Nor, if the Bible is the Word of God, can we dismiss these statements because we find them offensive or confusing. Spurgeon, in commenting on Psalm 109, says this:

Truly this is one of the hard places of Scripture, a passage which the soul trembles to read, yet as it is a Psalm unto God, and given by inspiration, it is not ours to sit in judgment of it, but to bow our ear to what God the Lord would speak to us therein.

Not only that, but if the Bible is a redemptive document that holds a unified message of God’s salvation in His Messiah, then we can’t neglect these imprecations if we would understand the work of Jesus Christ in that redemption of sinners. Christ is both the subject of the Psalms and the singer of the Psalms.

Therefore, when we pray: We need to receive these imprecations of the Psalms as the revealed Word of our God that they are, inspired of the Holy Spirit, disclosing His will for application in our lives.

2. These imprecations reflect the character of God.
One of the benefits of praying through the Psalms is that it gives us a full-bodied, balanced, large picture of our God with all of His attributes. He is a God who is not only our loving Father; He is a terrifying Judge. He is merciful and He is just. He is near and personal in relationship. He is holy and transcendent. And this God of the Old Testament is the same God of the New Testament. What do we learn about God from these imprecatory Psalms as part of God’s self-revelation?

The psalmist in Psalm 137:7 asks God to “remember.” On what basis does he do so? On what basis can he call for and actually expect God to repay his enemies? How can the psalmist possibly say that the one who exacts vengeance of his oppressors is “blessed?”

The name used of God in verse 7, by which the psalmist implores Him to remember, is Yahweh, the covenant name of God. To use that name for God is to highlight that covenant relationship, where God promised to be their God and to be with them and care for them. Just as when we address someone saying, “Doctor, what’s wrong with me?” or “Officer, arrest that man,” or “Boss, what do you want me to do now?” we approach them on the basis of their relationship to us. Here the psalmist calls out the name of God by which He entered into relationship with them. He is their God; they are His people. It is to say, “Yahweh, you who are with us and for us, take note; take action.”

But “Yahweh” speaks of more than relationship. Doesn’t the covenant say that those who are with God will be blessed and those who are against Him will be cursed? Doesn’t this theme that distinguishes those who know God and those who do not carry right through the Bible? Notice the sober thought of 2 Thessalonians 1:6-10 that carries this covenantal concept from the Old Testament through the New Testament, reaching to the age to come:

. . . since indeed God considers it just to repay with affliction those who afflict you, and to grant relief to you who are afflicted as well as to us, when the Lord Jesus is revealed from heaven with his mighty angels in flaming fire, inflicting vengeance on those who do not know God and on those who do not obey the gospel of our Lord Jesus. They will suffer the punishment of eternal destruction, away from the presence of the Lord and from the glory of his might, when he comes on that day to be glorified in his saints, and to be marveled at among all who have believed, because our testimony to you was believed. (2 Thessalonians 1:6-10)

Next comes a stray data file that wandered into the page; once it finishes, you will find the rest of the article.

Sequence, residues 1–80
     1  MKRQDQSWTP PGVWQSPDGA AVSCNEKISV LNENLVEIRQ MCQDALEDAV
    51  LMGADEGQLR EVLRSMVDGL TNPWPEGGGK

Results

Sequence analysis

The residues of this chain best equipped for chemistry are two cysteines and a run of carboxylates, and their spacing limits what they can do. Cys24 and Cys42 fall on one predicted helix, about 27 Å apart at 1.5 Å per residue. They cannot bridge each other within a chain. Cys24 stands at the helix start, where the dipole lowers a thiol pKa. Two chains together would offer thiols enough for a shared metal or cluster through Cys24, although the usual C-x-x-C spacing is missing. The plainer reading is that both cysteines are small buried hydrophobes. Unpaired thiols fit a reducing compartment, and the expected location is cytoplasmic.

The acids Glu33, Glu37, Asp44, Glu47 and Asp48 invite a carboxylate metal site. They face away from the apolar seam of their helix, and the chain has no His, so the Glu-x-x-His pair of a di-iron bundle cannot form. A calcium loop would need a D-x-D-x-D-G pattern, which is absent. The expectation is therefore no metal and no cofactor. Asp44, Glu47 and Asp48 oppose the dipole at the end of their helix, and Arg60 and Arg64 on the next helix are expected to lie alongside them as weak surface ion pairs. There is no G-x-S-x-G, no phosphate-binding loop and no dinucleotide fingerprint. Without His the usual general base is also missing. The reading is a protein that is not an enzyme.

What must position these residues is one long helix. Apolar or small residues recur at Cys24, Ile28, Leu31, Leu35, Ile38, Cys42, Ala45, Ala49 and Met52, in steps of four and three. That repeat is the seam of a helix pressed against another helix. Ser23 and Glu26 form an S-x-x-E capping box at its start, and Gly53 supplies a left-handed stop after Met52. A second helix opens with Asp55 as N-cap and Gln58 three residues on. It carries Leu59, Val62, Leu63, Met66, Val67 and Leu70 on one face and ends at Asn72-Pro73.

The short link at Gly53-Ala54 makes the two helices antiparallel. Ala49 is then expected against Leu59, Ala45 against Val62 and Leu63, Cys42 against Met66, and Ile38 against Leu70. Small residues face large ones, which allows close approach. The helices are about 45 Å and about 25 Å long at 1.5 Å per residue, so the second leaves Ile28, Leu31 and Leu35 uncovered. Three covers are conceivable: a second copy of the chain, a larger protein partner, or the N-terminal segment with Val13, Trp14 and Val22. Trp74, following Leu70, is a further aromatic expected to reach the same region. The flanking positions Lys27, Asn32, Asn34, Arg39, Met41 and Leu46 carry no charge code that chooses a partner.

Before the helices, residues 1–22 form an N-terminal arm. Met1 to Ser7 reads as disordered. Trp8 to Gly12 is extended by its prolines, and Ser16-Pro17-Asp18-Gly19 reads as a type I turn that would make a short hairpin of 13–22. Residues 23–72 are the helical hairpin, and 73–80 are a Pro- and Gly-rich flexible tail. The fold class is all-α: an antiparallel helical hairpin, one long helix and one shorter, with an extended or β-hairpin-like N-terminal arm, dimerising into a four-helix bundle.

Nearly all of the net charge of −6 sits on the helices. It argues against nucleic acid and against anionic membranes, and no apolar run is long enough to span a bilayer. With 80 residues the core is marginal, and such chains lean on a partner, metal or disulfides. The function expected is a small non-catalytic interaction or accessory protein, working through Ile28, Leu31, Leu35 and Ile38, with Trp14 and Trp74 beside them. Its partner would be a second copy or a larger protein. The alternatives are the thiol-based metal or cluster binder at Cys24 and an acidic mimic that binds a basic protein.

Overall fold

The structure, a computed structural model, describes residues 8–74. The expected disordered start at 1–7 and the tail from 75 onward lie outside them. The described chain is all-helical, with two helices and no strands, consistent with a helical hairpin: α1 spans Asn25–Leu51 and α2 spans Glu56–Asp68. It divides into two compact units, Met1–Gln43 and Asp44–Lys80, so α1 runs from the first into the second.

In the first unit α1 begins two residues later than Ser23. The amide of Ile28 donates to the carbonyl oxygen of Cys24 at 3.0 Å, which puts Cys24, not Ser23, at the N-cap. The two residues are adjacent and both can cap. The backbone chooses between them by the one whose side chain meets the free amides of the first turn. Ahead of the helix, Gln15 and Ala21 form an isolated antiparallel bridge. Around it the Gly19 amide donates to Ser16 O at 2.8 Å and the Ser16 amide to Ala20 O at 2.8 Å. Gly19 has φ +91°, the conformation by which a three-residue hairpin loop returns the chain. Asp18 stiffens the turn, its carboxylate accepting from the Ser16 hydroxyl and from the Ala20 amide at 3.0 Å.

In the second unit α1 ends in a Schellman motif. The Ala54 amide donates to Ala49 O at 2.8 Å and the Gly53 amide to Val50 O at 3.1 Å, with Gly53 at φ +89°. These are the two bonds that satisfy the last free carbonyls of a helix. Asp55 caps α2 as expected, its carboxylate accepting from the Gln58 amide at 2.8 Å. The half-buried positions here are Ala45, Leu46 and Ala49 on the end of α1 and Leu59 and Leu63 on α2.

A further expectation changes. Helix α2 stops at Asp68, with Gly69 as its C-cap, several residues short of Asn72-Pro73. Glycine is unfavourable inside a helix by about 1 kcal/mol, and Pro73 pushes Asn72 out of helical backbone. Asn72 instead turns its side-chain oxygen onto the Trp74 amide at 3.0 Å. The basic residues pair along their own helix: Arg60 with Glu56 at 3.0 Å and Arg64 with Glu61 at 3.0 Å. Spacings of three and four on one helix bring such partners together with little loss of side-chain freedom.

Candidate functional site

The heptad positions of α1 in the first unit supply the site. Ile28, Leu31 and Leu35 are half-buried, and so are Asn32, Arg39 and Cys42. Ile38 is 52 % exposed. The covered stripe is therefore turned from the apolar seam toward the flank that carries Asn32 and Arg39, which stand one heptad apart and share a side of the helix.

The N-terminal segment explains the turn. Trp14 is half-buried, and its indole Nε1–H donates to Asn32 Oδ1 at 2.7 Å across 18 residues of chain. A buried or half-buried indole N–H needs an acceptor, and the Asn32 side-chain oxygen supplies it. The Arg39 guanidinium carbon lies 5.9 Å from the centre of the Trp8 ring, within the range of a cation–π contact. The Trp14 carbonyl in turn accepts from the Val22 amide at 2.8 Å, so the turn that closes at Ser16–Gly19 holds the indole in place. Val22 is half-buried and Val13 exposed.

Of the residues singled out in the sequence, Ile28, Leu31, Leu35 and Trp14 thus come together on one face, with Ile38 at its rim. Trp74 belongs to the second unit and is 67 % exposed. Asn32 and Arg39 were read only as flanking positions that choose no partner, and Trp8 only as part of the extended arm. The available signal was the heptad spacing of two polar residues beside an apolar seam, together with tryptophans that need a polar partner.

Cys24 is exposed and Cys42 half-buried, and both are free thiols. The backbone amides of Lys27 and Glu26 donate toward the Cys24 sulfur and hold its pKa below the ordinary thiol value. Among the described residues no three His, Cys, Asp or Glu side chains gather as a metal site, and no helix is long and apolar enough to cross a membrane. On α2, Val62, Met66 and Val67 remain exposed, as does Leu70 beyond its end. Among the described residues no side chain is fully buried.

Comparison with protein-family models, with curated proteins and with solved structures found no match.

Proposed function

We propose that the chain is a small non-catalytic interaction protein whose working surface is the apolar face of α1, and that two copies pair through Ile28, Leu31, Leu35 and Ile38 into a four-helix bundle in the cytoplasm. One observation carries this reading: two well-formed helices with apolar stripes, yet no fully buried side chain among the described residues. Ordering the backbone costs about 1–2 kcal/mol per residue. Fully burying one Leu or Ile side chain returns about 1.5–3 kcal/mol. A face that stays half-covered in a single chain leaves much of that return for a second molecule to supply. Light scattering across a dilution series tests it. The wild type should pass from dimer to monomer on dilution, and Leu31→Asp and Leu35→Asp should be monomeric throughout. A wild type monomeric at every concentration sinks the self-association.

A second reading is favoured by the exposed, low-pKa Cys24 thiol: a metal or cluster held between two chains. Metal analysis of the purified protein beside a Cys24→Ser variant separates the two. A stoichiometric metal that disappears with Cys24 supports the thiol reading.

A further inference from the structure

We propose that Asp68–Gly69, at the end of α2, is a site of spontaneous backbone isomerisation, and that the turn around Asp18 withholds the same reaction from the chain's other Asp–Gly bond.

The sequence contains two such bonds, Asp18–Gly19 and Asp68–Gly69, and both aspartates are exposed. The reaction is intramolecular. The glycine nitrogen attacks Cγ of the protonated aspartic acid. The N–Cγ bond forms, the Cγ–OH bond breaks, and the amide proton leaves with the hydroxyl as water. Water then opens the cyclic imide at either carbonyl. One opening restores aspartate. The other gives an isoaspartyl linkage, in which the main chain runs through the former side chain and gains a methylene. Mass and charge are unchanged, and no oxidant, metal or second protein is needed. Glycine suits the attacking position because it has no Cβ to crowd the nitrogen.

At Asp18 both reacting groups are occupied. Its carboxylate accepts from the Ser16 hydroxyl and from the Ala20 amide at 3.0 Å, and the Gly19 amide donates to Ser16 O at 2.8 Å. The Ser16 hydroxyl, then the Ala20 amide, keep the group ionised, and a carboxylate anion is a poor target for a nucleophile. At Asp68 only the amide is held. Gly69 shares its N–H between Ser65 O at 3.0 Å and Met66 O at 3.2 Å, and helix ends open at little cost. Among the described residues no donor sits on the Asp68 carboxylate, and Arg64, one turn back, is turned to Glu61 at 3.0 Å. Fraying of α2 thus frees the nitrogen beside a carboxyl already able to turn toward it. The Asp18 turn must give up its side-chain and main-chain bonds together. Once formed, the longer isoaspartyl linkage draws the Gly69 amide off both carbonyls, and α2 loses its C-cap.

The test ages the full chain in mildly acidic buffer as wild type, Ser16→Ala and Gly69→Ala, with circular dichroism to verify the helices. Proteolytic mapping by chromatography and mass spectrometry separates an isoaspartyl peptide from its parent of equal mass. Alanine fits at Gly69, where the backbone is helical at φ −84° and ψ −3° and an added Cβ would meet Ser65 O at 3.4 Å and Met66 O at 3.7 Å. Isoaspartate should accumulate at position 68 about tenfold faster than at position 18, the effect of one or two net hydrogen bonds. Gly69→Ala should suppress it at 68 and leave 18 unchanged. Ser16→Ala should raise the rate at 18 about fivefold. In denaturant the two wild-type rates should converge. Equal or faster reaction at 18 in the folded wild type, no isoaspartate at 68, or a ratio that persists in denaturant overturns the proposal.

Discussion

Consistently throughout the pages of Scripture, malediction is pronounced against those who reject God and His covenant, while benediction is pronounced for those who are covenant-keepers. When the Bible says we are blessed because Christ became a curse for us, aren’t we using covenantal language? When parents in baptism hear the covenant promises, acknowledge their children to be sinners and in need of Jesus, they are affirming that the salvation blessings of the covenant are bound up in Christ, and so they teach their children about Jesus as the refuge from the wrath to come as they themselves have by God’s grace taken refuge in that provision of God through faith.

Therefore, when we pray: we come before a God who is loving and merciful, but also holy and just, who will by no means leave the guilty unpunished, and whom we approach only through our mediator, Jesus Christ. These imprecations remind us of the character of our God as judge and of the awful fate that awaits those who reject Him. The imprecations of the Psalms give us but a taste of this judgment and are tame compared to how terrifying it is to fall into the hands of the living God.

3. These imprecations react out of zeal for God.
When we read these imprecations, they seem so vindictive, and we have such trouble reconciling them with the call to love our enemies, or Christ’s example of forgiveness, even from the cross, to those who crucified Him. Are these imprecations directing us to pray for someone’s harm?